The Great Recession put a wide swath of US consumers on the money-saving path, and digital tools helped make bargain hunting all the easier. These are lessons consumers will not soon unlearn, according to a new eMarketer report, “Cheapskates Online: How the 'New Normal' Takes Advantage of New Technology.”
While print coupons still rule the day, digital coupons have caught on as a mainstream activity. eMarketer estimates that 96.6 million US adults will be digital coupon users by the end of this year, with the figure expected to top 100 million in 2014.
Smartphones have introduced a strong mobile element into consumers’ usage of coupons. eMarketer estimates that the number of US adult smartphone users who also use mobile coupons will jump from 31 million at the end of 2012 to 40.8 million at the end of 2013.
Over time—and as smartphone penetration widens—people who use digital coupons will increasingly tend to be users of mobile coupons as well. eMarketer estimates that nearly half of US adults who use digital coupons will use the mobile variety by the end of this year, with the number climbing to six in 10 by 2015.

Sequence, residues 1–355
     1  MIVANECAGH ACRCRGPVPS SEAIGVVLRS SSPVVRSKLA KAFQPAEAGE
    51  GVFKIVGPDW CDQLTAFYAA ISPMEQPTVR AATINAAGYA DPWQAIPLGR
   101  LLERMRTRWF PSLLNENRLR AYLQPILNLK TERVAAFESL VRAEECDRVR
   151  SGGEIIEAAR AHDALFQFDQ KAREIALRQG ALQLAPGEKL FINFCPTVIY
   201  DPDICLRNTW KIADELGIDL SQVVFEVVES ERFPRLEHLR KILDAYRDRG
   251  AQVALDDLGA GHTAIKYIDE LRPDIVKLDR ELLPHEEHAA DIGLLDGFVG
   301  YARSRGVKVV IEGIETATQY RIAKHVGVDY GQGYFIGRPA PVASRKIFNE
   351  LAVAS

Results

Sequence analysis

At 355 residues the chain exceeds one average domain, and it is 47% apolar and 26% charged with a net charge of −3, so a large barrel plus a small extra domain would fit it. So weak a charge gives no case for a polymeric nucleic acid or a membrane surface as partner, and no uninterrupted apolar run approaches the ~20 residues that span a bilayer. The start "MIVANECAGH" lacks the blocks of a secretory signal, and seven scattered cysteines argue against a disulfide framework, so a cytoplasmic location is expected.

Beyond coupons, digital offers consumers’ additional ways to get the most bang for their buck. In a January 2013 survey of US internet users by AYTM Market Research, a large majority of respondents reported comparing prices prepurchase at least “most of the time,” including more than one-fifth who said they “always” did so.
Marketers may hope a gut-level connection with a brand will draw consumers away from their insistence on low prices. But these days, it’s bargains that create such a bond. A September 2012 Forbes Insights survey asked US consumers to identify activities that made them “feel engaged with or invested in a brand.” The most popular answer, cited by 41% of respondents, was to “sign up for special deals or email updates.”
And just as mobile is putting digital coupons in more users’ pockets, the on-the-go devices are also turning bargain hunting into an out-and-about activity.
The alignment between smartphone usage and economizing is evident in the way consumers think about shopping apps. Smartphone and tablet users said money-saving offers were the most important characteristics of apps, according to a December 2012 survey by Adobe Systems Inc.
Marketers may find all this money-saving behavior a bit harrowing. But it has been relatively painless for many consumers, thanks especially to the proliferation of these digital money-saving resources. That’s why consumers are likely to stick with these forms of frugality even as the economy gives them more slack for spending. As Steven Boal, founder of Coupons.com, put it: “We say ‘frugal’ is the new black.”